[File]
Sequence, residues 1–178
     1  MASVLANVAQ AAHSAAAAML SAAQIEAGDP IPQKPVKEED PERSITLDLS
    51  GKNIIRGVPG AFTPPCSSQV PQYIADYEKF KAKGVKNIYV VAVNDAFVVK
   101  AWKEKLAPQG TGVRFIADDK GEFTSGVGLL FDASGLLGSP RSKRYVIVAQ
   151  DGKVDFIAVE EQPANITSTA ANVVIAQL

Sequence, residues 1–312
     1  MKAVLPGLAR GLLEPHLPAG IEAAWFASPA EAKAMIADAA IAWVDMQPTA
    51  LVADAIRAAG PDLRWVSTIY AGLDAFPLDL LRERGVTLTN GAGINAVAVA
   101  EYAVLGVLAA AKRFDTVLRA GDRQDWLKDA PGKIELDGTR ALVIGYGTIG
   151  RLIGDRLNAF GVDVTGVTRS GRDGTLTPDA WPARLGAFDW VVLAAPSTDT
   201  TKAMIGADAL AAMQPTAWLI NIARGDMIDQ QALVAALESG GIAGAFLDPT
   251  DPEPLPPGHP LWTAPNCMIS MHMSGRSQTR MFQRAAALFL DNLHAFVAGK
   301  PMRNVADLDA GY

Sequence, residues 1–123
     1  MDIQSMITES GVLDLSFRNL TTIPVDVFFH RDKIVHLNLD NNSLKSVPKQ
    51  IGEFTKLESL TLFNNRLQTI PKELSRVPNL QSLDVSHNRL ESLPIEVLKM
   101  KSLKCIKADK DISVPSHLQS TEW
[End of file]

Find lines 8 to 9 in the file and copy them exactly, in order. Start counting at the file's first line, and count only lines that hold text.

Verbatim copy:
    51  LVADAIRAAG PDLRWVSTIY AGLDAFPLDL LRERGVTLTN GAGINAVAVA
   101  EYAVLGVLAA AKRFDTVLRA GDRQDWLKDA PGKIELDGTR ALVIGYGTIG